For all these reasons, we are devoted to ensuring that compliant MSBs continue to enjoy access to the regulated financial system. 
We acknowledge, however, that certain MSBs, like other financial institutions, can be vulnerable to abuse by money launderers and terrorist financiers.  Take the issue of remittance payments, for example.  The source of remittances is often cash provided to a money transmitter by an individual with whom the transmitter’s agent may have no ongoing relationship.  And remittance payments that flow across borders generally involve developing economies, where regulations may be imperfect and mechanisms for identifying customers may be weak.  This presents real money laundering and terrorist financing risk.
But we believe emphatically that risks such as these can and should be managed, not simply avoided altogether – especially in light of the contributions MSBs make to the health of the international financial system and to the U.S. economy.  We take very seriously concerns that banks have been indiscriminately terminating the accounts of all MSBs, or refusing to open accounts for any MSBs, thereby eliminating them as a category of customers. 
Indeed, some have pointed to these developments as evidence that a broader and dangerous “de-risking” trend is underway, since they run counter to the expectation that financial institutions assess the risks of customers on a case-by-case basis.
To be sure, whatever reluctance financial institutions may have to work with the MSB sector is likely driven by several factors; it is not simply a response to money laundering and terrorist financing risk.  As you all know, many considerations come into play when a financial institution decides whether to take on or retain a customer.  These include profitability, the overall economic climate, capital requirements, and risk appetite, to name just a few. 
And we have no problem with financial institutions that, after applying a risk-based approach to their decision-making, say “no” to some customers  -- in fact, that’s what we expect of them.   A bank that terminates a relationship with a money transmitter because it reasonably determines that it cannot responsibly mitigate the customer’s illicit finance or other risk is to be applauded, not criticized.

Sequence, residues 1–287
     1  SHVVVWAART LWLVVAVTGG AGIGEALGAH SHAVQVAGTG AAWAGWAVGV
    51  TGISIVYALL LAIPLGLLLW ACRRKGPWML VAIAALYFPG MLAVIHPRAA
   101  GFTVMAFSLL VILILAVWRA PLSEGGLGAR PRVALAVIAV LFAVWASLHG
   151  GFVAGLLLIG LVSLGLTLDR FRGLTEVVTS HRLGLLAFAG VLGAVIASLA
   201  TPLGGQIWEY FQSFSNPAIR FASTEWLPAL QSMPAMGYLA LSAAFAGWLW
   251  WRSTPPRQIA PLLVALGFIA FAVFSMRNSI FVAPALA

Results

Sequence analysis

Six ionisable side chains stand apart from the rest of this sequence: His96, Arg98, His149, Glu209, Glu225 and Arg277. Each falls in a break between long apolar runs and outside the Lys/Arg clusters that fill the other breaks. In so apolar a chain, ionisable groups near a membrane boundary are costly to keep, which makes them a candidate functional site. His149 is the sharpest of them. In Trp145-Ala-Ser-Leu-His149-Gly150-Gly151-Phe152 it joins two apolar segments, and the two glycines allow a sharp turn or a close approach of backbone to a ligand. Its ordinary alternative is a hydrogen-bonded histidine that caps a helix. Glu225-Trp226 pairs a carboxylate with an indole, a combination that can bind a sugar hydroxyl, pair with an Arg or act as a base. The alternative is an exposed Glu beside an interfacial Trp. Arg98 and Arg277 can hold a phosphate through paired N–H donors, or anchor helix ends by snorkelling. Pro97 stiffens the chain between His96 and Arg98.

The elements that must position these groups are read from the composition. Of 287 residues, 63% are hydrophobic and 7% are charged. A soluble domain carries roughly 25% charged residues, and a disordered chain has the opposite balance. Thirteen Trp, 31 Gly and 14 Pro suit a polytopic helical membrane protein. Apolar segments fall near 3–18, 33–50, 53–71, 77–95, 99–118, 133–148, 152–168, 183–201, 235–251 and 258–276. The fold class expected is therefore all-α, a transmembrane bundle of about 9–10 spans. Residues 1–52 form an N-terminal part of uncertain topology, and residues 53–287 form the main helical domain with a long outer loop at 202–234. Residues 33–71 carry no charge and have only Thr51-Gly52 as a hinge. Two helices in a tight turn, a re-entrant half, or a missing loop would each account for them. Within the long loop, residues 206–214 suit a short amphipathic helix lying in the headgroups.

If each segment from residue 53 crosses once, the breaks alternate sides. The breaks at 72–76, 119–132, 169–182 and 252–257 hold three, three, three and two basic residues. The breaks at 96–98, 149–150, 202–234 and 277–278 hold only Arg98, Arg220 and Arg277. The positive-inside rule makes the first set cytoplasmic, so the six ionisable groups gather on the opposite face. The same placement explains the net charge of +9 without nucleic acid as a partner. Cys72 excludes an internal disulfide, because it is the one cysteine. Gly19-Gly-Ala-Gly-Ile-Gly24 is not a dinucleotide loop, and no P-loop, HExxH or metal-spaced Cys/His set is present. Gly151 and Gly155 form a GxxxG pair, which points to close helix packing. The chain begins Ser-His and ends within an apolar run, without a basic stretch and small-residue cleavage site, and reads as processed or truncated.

What we are concerned about, however, is the possibility that financial institutions are terminating or restricting an entire class of business relationships simply to avoid perceived regulatory risk, not in response to an assessment of the actual risk posed by individual MSBs. 
Now, perceived regulatory risk and actual illicit finance risk usually overlap – that is, the risk that a financial institution could incur a penalty for an AML/CFT violation generally corresponds to that institution’s real risk of being abused by money launderers and terrorists.  That’s because our overarching goal when we put in place regulations or carry out enforcement actions is to ensure that regulated institutions are appropriately addressing real illicit finance risk. 
But I know there are concerns that regulatory risk has gone beyond actual illicit finance risk.  Some say that, in practice, we have created a zero-tolerance regulatory environment.
I disagree, so let me set the record straight.  The risk-based approach we expect of financial institutions does not imply a zero-tolerance regulatory regime.
We recognize that it is not possible or practical for a financial institution to prevent every single potentially illicit transaction that flows through it.  The Bank Secrecy Act requires that financial institutions establish and implement AML/CFT programs reasonably designed to detect, prevent, and report suspicious activity. 
But we know that financial institutions are not infallible.  What we ask is that they take seriously the variety of illicit finance risks that different clients present, and assess and address those risks on a client-by-client basis.  Individual MSBs, like any other kind of customer, present varying degrees of risk, and it is hardly the case that all MSBs are high-risk.
As for the recent, high-profile enforcement actions imposed on financial institutions for AML/CFT failings related to MSBs, let me just say that these actions were not taken because of minor mistakes.  To the contrary, as the Financial Action Task Force put it in a statement on de-risking last year, “[r]ecent supervisory and enforcement actions … were [in response to] extremely egregious cases involving banks [that] deliberately broke the law, in some cases for more than a decade, and had significant fundamental AML/CFT failings.” 
In short, it is our firm belief that banking organizations can continue to serve the MSB industry without compromising their obligations to detect and report illicit financial activity and without exposing themselves to excessive regulatory risk. 
I hope today’s event generates useful conversations about the best ways for financial institutions to put in place risk-based controls, assess the risks posed by individual MSB customers, and manage that risk, even when it may be high. 
Thank you.